I’m still exploring this. I’m currently talking to someone in East Anglia about piloting a project with a couple of acres of land. After this, we'll be able to better understand who the customers are. I think it starts with people who have some sense of what re-wilding is already, and then being able to build from there.
I’m currently on an incubator programme. Part of this is a crowdfunding campaign that will give me the ability to better understand who are the customers and how the business grows. And testing what the digital experience could look like.
So what would you say are the benefits of rewilding?
It’s about inspiring a different way of being in the world by reconnecting with life around us. It can change how we value land. Moving away from how it can be exploited, to how it can be a habitat for life and wonder.
It’s also about different ways of managing land and trying to work out where this fits for people. For some people, it's not going to fit. For some people, this is too small scale, they want to rewild hundreds of acres at a time to encourage larger species reintroductions.
For others, they’re very aware that they have a livelihood that's dependent on the land, and they want to pass it to their next generation. They might want to just give over a couple of acres and see what changes. It’s no great loss if that's all it is but it could be the start of something new.
What are your favourite memories of studying at UEA?
I've always loved learning. Hearing about philosophical ideas and then being able to carry them around with you and see how they play out in the real world is just wonderful. Looking back, it's such a luxury being at university and having three years to think and play with ideas and talk to people about them. You can sit down with people and randomly start talking about Wittgenstein - which is not normally socially acceptable.
I found with philosophy especially that every new philosopher that you learn about is the most amazing philosopher that you've ever heard about. I particularly remember classes on Nietzsche and Wittgenstein just being incredible.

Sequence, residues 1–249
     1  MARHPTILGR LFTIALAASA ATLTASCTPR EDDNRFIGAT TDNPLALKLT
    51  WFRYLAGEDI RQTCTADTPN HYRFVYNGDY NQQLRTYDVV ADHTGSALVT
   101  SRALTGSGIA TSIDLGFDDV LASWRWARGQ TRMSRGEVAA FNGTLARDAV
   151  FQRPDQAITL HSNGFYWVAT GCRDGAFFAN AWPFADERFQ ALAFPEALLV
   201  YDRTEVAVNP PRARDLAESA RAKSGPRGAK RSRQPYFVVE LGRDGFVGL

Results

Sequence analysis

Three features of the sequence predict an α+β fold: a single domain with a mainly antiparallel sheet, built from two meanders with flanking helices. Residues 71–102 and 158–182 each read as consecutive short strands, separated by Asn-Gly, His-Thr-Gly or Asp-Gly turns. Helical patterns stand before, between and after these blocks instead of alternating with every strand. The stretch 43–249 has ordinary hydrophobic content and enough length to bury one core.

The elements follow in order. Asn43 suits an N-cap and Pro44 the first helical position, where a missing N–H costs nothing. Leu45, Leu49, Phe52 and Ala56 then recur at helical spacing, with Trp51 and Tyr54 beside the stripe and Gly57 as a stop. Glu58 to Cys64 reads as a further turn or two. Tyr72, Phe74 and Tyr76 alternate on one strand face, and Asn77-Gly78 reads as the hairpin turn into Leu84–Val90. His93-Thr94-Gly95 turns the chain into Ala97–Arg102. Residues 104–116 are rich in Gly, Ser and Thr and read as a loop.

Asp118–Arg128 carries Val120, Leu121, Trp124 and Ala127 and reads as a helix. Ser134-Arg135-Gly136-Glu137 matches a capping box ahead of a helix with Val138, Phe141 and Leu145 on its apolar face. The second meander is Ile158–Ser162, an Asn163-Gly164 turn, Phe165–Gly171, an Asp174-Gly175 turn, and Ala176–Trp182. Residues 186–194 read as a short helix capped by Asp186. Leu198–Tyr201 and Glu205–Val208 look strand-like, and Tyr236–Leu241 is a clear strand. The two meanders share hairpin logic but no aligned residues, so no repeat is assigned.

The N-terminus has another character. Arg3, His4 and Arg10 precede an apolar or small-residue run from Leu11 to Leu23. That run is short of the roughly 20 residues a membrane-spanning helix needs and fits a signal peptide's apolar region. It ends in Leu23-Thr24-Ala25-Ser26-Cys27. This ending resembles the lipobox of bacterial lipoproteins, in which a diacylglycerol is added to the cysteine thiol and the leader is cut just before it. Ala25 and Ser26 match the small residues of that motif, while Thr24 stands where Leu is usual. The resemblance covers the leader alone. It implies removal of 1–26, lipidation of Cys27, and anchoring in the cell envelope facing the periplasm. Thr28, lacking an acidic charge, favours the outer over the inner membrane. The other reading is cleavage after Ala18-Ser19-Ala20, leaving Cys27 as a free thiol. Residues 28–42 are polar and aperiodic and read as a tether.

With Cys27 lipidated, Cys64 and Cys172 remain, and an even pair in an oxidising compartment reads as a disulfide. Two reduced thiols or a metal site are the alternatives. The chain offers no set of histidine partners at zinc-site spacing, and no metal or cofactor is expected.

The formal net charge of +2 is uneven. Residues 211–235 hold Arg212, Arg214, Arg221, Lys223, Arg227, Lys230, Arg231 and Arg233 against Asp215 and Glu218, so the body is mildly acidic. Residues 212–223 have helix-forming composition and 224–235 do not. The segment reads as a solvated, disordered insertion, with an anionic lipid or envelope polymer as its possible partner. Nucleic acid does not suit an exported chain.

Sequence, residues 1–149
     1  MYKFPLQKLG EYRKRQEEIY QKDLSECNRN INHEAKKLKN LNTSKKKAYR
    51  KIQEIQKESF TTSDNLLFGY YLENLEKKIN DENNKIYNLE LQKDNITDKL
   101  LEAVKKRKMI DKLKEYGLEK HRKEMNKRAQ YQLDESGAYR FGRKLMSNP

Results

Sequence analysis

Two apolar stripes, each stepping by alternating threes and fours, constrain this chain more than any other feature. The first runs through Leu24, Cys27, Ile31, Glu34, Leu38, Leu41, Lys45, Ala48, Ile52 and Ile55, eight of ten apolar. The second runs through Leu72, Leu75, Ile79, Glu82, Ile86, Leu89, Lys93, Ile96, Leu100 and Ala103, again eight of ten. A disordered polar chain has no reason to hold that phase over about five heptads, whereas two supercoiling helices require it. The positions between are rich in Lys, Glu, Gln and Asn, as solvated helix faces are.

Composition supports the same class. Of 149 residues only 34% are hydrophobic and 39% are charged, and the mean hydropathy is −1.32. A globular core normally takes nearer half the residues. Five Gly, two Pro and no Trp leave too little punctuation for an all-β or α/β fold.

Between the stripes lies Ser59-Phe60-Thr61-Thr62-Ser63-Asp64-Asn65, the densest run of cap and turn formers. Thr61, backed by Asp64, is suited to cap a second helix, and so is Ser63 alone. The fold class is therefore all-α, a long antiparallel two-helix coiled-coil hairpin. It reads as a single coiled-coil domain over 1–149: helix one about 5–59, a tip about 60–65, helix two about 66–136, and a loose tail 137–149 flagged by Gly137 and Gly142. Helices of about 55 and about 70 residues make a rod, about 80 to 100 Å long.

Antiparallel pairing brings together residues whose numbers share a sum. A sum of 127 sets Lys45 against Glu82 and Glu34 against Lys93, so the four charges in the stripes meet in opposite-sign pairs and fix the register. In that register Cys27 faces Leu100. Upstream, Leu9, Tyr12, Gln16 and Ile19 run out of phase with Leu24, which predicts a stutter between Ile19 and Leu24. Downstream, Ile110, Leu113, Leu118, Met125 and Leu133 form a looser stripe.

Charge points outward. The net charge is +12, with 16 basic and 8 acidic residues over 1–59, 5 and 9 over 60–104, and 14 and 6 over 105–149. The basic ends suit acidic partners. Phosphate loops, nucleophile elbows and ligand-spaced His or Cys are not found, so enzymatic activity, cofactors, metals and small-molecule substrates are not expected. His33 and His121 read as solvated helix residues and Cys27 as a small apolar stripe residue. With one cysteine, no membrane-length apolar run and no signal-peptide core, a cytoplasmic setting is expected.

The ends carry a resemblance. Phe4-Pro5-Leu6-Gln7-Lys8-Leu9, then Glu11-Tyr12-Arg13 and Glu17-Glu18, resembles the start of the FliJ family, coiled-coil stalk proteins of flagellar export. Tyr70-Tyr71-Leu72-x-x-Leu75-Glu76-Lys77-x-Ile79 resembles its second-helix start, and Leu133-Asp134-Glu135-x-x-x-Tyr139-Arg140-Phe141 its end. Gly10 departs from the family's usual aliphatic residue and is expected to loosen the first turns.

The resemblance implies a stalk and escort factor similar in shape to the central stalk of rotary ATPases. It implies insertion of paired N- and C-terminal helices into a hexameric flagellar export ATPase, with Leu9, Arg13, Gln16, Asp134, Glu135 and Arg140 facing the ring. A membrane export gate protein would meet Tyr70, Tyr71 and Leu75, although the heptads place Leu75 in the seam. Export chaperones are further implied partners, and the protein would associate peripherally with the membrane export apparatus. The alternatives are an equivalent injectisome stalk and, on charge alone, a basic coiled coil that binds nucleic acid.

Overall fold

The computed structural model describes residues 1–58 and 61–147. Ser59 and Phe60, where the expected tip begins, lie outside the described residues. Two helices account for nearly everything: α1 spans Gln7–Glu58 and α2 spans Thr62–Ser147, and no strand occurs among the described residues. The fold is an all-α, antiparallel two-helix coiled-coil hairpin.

I loved being able to talk and share ideas and having these things spark - trying to work through the dense text of Heidegger and then suddenly having an ‘aha’ moment and seeing something fall into place or even the opposite – going through a big text, looking across and seeing that no one else is managing to comprehend it either.
And how about living in Norwich?
I enjoyed being on campus. Being on campus overlooking the lake and being able to walk around and immerse myself into a wider world of life was wonderful. And I think in a way that was maybe something I took for granted.
I also think Norwich is just wonderful, an undiscovered gem. You can walk everywhere, and it has everything you need. It starts to feel like ‘yours’ after a couple of years.
One of the things that I liked about UEA was that there was a strong international vibe, and that's always been important to me. I come from a multi-cultural background and to me that feels like home.
When you go on holiday do you prefer forests and mountains, then, as opposed to cities?
I still love snowboarding although I’ve not gone so much recently. It’s challenging in that it’s not the most sustainable of pursuit, but it is also one of the ways that I've I built a love for being outside and having a connection with natural processes. It also teaches you humility; being up in the mountains is very humbling and you get a sense of how small you are in the grand scheme of things.
Jon Conradi studied BA Philosophy and Politics at UEA.